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Kafka source connector


You can download all the Pulsar connectors on download page.

The Kafka source connector pulls messages from Kafka topics and persists the messages to Pulsar topics.

This guide explains how to configure and use the Kafka source connector.


The configuration of the Kafka source connector has the following properties.


bootstrapServersStringtrue" " (empty string)A comma-separated list of host and port pairs for establishing the initial connection to the Kafka cluster.
securityProtocolStringfalse" " (empty string)The protocol used to communicate with Kafka brokers.
saslMechanismStringfalse" " (empty string)The SASL mechanism used for Kafka client connections.
saslJaasConfigStringfalse" " (empty string)The JAAS login context parameters for SASL connections in the format used by JAAS configuration files.
sslEnabledProtocolsStringfalse" " (empty string)The list of protocols enabled for SSL connections.
sslEndpointIdentificationAlgorithmStringfalse" " (empty string)The endpoint identification algorithm to validate server hostnames using a server certificate.
sslTruststoreLocationStringfalse" " (empty string)The location of the trust store file.
sslTruststorePasswordStringfalse" " (empty string)The password of the trust store file.
groupIdStringtrue" " (empty string)A unique string that identifies the group of consumer processes to which this consumer belongs.
fetchMinByteslongfalse1The minimum byte expected for each fetch response.
autoCommitEnabledbooleanfalsetrueIf set to true, the consumer's offset is periodically committed in the background.

This committed offset is used when the process fails as the position from which a new consumer begins.
autoCommitIntervalMslongfalse5000The frequency in milliseconds that the consumer offsets are auto-committed to Kafka if autoCommitEnabled is set to true.
heartbeatIntervalMslongfalse3000The interval between heartbeats to the consumer when using Kafka's group management facilities.

Note: heartbeatIntervalMs must be smaller than sessionTimeoutMs.
sessionTimeoutMslongfalse30000The timeout used to detect consumer failures when using Kafka's group management facility.
topicStringtrue" " (empty string)The Kafka topic that sends messages to Pulsar.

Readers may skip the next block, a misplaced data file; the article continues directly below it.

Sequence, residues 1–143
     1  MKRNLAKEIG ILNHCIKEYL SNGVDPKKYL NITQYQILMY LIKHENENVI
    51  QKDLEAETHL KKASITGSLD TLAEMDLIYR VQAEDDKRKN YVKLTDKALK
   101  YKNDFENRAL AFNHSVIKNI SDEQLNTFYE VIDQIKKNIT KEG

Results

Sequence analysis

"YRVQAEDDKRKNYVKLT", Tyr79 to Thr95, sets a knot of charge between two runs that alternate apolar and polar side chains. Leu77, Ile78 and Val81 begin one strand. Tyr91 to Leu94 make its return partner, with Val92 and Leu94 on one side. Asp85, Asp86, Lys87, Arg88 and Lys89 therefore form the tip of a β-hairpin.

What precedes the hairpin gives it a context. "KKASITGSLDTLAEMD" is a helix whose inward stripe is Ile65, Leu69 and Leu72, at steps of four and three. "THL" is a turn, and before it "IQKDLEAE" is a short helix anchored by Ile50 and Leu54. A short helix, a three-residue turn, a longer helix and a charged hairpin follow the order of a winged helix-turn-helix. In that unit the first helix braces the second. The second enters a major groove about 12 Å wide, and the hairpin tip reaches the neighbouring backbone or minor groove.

consumerConfigPropertiesMapfalse" " (empty string)The consumer configuration properties to be passed to consumers.

Note: other properties specified in the connector configuration file take precedence over this configuration.
keyDeserializationClassStringfalseorg.apache.kafka.common.serialization.StringDeserializerThe deserializer class for Kafka consumers to deserialize keys.
The deserializer is set by a specific implementation of KafkaAbstractSource.
valueDeserializationClassStringfalseorg.apache.kafka.common.serialization.ByteArrayDeserializerThe deserializer class for Kafka consumers to deserialize values.
autoOffsetResetStringfalseearliestThe default offset reset policy.

Schema Managementโ€‹

This Kafka source connector applies the schema to the topic depending on the data type that is present on the Kafka topic. You can detect the data type from the keyDeserializationClass and valueDeserializationClass configuration parameters.

If the valueDeserializationClass is org.apache.kafka.common.serialization.StringDeserializer, you can set Schema.STRING() as schema type on the Pulsar topic.

If valueDeserializationClass is io.confluent.kafka.serializers.KafkaAvroDeserializer, Pulsar downloads the AVRO schema from the Confluent Schema Registryยฎ and sets it properly on the Pulsar topic.

In this case, you need to set schema.registry.url inside of the consumerConfigProperties configuration entry of the source.

If keyDeserializationClass is not org.apache.kafka.common.serialization.StringDeserializer, it means that you do not have a string as a key and the Kafka Source uses the KeyValue schema type with the SEPARATED encoding.

Pulsar supports the AVRO format for keys.